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  2. Seems like a lot of the media has just decided that trafficking and prostitution are one and the same and they are running with that. Most of what I heard just unquestioningly swallows the claim that the women are trafficking victims.

    1. “unquestioningly swallows”

      Phrasing?

      1. Heh. Zeb pulled a funny.

        1. I imagine he’d prefer an Asian massuese pull a boner, preferably his.

          1. What, no love for the police “milking” the situation?

    2. It is not the PRESS that equates trafficking and prostitution, it is the press releases provided to the press. Anti-prostitution groups are paying prosecutors to make these arrests and specifying how the press releases need to be worded.
      See the new documentary The War on Whores which our writer, ENB appears:
      https://vimeo.com/ondemand/thewaronwhores

  3. “Most of the women arrested are still being held in county jail. Their bonds have been set in the $200,000 to $800,000 range, and any money they earned working at the massage parlors (as far we know, their only source of income) cannot be used to pay this balance.”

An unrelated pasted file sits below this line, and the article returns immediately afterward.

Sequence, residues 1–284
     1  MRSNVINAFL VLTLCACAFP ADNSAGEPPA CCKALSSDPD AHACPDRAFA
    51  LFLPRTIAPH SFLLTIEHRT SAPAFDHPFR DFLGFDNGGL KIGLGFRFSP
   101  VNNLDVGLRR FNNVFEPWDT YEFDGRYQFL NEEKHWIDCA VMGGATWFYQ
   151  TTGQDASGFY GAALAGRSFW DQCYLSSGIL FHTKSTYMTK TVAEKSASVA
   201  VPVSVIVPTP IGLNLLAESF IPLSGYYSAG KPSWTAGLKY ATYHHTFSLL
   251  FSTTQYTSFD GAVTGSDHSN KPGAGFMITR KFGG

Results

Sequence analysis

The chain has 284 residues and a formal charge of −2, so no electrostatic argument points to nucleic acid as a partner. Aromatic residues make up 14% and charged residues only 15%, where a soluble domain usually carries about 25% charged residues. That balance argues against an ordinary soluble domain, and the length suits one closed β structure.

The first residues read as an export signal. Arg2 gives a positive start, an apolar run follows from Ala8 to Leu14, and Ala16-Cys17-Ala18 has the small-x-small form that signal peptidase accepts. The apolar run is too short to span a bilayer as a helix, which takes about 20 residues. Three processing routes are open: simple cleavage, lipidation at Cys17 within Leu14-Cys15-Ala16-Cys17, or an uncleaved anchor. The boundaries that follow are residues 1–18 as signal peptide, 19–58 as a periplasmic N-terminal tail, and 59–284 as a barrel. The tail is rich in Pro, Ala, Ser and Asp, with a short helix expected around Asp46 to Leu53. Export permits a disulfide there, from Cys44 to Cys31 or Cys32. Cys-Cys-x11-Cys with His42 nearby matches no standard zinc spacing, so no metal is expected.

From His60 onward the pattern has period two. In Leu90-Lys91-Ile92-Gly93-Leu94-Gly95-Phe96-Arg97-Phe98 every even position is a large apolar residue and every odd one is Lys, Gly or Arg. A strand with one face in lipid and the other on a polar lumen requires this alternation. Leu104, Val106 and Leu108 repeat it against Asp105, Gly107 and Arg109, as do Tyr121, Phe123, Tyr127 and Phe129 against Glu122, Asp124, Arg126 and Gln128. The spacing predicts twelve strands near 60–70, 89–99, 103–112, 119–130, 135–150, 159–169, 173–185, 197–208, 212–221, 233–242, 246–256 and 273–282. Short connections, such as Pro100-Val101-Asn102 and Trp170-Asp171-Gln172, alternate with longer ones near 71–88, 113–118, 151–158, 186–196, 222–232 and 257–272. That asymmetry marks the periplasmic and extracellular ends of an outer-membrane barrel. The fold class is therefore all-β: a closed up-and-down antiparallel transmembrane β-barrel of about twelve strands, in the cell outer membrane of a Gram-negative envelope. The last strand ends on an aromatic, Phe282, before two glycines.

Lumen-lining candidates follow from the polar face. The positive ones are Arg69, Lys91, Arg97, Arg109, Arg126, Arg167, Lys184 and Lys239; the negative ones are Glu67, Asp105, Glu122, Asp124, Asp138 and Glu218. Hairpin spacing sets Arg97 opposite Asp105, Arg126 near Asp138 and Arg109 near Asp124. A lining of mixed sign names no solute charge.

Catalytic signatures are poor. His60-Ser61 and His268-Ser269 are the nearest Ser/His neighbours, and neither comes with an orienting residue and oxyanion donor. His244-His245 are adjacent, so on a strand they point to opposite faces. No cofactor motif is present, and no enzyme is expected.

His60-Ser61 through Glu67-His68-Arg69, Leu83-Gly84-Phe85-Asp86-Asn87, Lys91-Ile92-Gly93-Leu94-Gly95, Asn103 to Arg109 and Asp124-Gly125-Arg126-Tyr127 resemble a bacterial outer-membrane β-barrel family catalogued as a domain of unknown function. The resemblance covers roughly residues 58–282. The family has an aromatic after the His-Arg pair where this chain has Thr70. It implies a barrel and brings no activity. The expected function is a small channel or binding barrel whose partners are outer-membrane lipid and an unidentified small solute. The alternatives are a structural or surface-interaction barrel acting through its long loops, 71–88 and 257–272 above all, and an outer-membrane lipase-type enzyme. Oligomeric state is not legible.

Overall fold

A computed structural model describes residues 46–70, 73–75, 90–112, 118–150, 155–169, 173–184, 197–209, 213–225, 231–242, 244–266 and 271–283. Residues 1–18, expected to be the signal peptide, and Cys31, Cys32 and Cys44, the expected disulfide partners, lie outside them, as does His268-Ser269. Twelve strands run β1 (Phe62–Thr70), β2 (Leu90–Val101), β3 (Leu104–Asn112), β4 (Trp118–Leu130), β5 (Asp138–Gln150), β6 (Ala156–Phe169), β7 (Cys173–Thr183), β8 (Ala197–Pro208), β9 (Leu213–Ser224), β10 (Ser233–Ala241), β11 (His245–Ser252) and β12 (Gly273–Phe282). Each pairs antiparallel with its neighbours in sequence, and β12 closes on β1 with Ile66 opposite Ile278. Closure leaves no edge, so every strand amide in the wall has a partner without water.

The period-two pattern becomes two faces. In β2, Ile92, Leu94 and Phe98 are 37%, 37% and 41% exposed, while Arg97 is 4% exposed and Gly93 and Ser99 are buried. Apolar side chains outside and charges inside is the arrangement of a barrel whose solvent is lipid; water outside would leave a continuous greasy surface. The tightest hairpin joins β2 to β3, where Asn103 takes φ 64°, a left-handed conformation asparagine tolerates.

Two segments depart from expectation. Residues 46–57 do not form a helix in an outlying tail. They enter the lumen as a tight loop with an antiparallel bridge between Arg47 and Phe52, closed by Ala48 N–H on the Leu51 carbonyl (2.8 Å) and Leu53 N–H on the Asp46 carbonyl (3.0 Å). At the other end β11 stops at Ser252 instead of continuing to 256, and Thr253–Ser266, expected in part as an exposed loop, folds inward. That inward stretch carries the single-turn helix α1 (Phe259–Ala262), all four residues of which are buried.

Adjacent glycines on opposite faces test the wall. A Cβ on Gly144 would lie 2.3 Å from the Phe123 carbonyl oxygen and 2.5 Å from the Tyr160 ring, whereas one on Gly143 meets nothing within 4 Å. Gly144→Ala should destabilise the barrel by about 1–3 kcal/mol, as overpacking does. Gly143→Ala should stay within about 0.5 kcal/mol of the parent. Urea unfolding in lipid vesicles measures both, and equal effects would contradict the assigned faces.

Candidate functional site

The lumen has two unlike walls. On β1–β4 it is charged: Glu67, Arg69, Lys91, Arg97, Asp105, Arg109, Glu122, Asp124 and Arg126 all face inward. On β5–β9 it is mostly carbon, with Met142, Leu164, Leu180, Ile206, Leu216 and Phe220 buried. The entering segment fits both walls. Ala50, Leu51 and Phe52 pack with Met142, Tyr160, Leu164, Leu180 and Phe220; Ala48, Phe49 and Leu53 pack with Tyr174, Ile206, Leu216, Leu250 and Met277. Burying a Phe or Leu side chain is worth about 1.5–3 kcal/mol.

WTF?

    1. So the “victims” are being punished?

      1. They’re filthy chinee hooers!

        RTFA: the Sunshine State is the real and only victim here

    2. Judges missed the Constitution part of law school.

      8th Amendment:
      Excessive bail shall not be required, nor excessive fines imposed, nor cruel and unusual punishments inflicted.

      More than $100 for bail sounds excessive to me.

  4. If they don’t find the next “war on something” soon, that War on Drugs money will be drying up.

    Asset forfeiture money is already drying up.

    1. Mel Sembler was a Florida real estate magnate, who started a nationwide chain of abusive drug addiction treatment centers in the 80’s. Do you remember the hysteria about drug addiction back then? They are operating from the same playbook.

    2. A solution that desperately needs a problem.

  5. “Admit to being sex-trafficked, and we’ll go easy on you.” It’s amazing what people will say under these conditions. This is also how the drug addiction hysteria started: “Admit to being a drug addict, and we’ll give you ‘treatment’ instead of jail.” People come up with some pretty incredible stories about what they did for their ‘disease’, and we all fall for it.

    I suspect these women will plead out. Why? Because there is way too much money in it. Kraft is going to see the light. In fact, he already has. These women will be set for life.

    1. Hey, don’t forget that I told you about the Brandeis prof the other night.